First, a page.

On 10 December 2020, 150 Italian and international organizations, including ASGI, signed a document asking the Ministry of the Interior, the Ministry of Transport, the Ministry of Health, and the Civil Protection Department to close the quarantine management model with ships.[32] The associations raised strong alarm regarding detention on ships and quarantine centers violating the prohibition of discrimination as it is implemented in different ways for foreign citizens and in such a way as to determine deprivation of personal freedoms. The associations complained about the complete absence of official information on what happens on board of these ships. From a health point of view, quarantine on board of ships makes it impossible to distance and completely isolate positive cases and risks exacerbating previous health problems and psychological distress. [33]

According to two humanitarian workers of the Red Cross on board of a quarantine ship, the ships present situations of promiscuity of minors with adults, scarcity of medical personnel and inadequate spaces. The two workers also explained that due to the common spaces people negative to the covid-19 test came into contact with positive cases and were forced to prolong their isolation. They also spoke about people and families brought in isolation from reception centers even at night and frightened because, not informed of what was about to happen to them, they thought that getting on board meant being repatriated.[34]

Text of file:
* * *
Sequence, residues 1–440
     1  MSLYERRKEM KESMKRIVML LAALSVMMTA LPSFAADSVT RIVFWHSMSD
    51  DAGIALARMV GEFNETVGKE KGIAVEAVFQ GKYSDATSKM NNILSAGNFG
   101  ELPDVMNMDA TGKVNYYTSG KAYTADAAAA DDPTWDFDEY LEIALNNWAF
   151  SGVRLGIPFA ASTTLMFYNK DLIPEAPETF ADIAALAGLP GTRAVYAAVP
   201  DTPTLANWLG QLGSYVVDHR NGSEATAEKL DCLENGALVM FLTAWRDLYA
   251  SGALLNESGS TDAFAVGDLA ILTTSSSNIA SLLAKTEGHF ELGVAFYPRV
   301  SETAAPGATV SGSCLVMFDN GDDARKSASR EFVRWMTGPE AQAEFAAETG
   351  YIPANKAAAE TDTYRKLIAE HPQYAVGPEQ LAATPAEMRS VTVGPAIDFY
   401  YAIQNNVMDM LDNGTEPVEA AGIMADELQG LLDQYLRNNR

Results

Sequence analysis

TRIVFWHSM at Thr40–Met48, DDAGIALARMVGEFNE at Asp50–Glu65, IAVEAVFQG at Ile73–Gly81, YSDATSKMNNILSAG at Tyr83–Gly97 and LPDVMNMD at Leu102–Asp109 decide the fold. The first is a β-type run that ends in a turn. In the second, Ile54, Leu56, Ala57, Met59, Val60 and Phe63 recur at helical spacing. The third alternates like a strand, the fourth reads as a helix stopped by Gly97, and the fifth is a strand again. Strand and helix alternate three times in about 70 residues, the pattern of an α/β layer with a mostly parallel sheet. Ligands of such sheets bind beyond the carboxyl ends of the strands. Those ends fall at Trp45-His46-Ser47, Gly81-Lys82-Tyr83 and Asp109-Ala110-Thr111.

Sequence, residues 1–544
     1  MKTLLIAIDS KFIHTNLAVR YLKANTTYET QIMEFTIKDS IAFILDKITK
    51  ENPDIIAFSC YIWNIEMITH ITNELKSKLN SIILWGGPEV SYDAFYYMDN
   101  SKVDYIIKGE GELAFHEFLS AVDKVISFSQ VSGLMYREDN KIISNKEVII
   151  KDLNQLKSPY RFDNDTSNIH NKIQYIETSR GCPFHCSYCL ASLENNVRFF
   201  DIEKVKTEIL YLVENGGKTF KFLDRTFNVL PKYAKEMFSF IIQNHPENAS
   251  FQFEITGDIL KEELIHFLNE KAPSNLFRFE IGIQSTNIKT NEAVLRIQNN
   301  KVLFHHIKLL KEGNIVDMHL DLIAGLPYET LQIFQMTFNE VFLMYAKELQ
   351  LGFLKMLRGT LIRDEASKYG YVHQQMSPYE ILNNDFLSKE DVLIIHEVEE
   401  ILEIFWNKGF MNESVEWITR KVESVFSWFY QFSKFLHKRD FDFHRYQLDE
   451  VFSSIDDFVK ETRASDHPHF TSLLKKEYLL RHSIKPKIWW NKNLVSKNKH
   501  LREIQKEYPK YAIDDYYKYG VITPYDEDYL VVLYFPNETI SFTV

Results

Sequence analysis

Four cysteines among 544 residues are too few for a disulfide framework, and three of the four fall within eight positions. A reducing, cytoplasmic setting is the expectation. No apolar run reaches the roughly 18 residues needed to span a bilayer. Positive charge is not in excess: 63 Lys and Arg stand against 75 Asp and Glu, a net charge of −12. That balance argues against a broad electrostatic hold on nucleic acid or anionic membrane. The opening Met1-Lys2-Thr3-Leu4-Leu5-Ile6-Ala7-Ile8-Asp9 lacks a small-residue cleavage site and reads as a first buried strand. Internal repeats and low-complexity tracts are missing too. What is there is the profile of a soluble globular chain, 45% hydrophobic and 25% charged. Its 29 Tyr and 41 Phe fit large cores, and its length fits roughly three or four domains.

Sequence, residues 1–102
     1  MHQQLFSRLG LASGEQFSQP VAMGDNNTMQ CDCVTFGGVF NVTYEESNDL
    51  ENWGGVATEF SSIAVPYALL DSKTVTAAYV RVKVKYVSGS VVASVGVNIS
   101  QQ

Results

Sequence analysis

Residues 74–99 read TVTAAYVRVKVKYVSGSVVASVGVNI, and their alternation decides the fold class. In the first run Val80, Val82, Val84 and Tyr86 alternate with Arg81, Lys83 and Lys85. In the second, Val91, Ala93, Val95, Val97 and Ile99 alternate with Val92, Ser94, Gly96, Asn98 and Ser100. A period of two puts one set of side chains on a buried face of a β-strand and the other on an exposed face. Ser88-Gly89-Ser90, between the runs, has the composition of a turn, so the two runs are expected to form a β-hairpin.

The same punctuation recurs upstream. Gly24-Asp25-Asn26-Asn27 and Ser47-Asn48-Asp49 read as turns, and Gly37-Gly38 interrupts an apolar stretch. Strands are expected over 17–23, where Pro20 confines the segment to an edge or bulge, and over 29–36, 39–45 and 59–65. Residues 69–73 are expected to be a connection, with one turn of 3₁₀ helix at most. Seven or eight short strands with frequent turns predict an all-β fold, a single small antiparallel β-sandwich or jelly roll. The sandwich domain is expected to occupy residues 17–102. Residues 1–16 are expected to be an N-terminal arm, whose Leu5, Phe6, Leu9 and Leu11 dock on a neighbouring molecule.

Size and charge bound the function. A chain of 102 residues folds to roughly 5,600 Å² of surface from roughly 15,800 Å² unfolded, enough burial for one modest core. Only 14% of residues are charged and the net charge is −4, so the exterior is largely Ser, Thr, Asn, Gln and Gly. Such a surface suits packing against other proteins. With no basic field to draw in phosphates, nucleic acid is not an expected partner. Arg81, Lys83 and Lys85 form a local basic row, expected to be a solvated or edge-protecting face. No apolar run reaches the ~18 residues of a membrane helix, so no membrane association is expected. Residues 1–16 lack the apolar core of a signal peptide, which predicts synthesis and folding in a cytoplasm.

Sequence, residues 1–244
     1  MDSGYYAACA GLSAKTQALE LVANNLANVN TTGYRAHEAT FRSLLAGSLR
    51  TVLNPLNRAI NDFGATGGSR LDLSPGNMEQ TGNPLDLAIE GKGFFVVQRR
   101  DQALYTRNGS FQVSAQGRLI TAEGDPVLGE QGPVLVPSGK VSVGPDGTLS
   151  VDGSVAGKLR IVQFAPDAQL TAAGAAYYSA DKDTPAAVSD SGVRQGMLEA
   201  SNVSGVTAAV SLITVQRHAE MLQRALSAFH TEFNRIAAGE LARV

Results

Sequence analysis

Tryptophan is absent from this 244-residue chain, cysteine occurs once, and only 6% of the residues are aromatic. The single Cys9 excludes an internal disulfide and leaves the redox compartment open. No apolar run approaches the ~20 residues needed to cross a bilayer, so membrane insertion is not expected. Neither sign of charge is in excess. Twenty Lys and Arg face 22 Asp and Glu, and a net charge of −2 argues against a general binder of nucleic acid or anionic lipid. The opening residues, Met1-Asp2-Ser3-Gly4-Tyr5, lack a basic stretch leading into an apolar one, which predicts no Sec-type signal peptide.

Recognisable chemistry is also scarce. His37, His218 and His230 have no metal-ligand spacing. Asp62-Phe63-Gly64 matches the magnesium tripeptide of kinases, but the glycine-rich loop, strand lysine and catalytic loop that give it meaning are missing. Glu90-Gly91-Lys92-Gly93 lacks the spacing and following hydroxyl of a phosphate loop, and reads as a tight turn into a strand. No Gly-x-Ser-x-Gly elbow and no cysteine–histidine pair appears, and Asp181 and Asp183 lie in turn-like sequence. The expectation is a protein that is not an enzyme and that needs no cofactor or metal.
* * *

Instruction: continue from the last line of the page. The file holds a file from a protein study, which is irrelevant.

On 20 May 2020, a 28-year-old Tunisian boy drowned after jumping overboard from a quarantine ship to swim to the coast.[35] In October 2020, a 15 year old child, rescued from the open arms and then quarantined on the Allegra ship, died, after ten days on the ship, due to his worsening health conditions, which was not related to Covid-19. This could probably have been prevented if he was promptly moved to the mainland for more adequate health treatments and monitoring.[36]